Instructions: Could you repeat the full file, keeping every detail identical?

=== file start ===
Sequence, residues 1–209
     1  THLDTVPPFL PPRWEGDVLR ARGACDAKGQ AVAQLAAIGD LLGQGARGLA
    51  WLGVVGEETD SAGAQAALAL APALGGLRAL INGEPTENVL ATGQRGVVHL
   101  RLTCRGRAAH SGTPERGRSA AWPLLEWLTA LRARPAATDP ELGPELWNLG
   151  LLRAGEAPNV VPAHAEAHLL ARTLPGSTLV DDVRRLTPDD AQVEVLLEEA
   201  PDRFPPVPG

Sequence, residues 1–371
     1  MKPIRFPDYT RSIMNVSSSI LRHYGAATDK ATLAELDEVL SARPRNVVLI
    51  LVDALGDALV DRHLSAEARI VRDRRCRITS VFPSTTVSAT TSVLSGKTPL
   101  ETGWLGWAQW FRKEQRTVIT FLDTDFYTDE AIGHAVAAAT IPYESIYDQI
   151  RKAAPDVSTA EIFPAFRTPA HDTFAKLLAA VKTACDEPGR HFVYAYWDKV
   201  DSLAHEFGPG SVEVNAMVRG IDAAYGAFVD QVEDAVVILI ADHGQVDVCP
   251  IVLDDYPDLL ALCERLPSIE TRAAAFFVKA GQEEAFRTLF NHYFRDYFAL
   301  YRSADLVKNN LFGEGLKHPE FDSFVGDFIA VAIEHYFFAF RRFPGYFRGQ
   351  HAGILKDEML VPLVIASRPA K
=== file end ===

Sequence, residues 1–209
     1  THLDTVPPFL PPRWEGDVLR ARGACDAKGQ AVAQLAAIGD LLGQGARGLA
    51  WLGVVGEETD SAGAQAALAL APALGGLRAL INGEPTENVL ATGQRGVVHL
   101  RLTCRGRAAH SGTPERGRSA AWPLLEWLTA LRARPAATDP ELGPELWNLG
   151  LLRAGEAPNV VPAHAEAHLL ARTLPGSTLV DDVRRLTPDD AQVEVLLEEA
   201  PDRFPPVPG

Sequence, residues 1–371
     1  MKPIRFPDYT RSIMNVSSSI LRHYGAATDK ATLAELDEVL SARPRNVVLI
    51  LVDALGDALV DRHLSAEARI VRDRRCRITS VFPSTTVSAT TSVLSGKTPL
   101  ETGWLGWAQW FRKEQRTVIT FLDTDFYTDE AIGHAVAAAT IPYESIYDQI
   151  RKAAPDVSTA EIFPAFRTPA HDTFAKLLAA VKTACDEPGR HFVYAYWDKV
   201  DSLAHEFGPG SVEVNAMVRG IDAAYGAFVD QVEDAVVILI ADHGQVDVCP
   251  IVLDDYPDLL ALCERLPSIE TRAAAFFVKA GQEEAFRTLF NHYFRDYFAL
   301  YRSADLVKNN LFGEGLKHPE FDSFVGDFIA VAIEHYFFAF RRFPGYFRGQ
   351  HAGILKDEML VPLVIASRPA K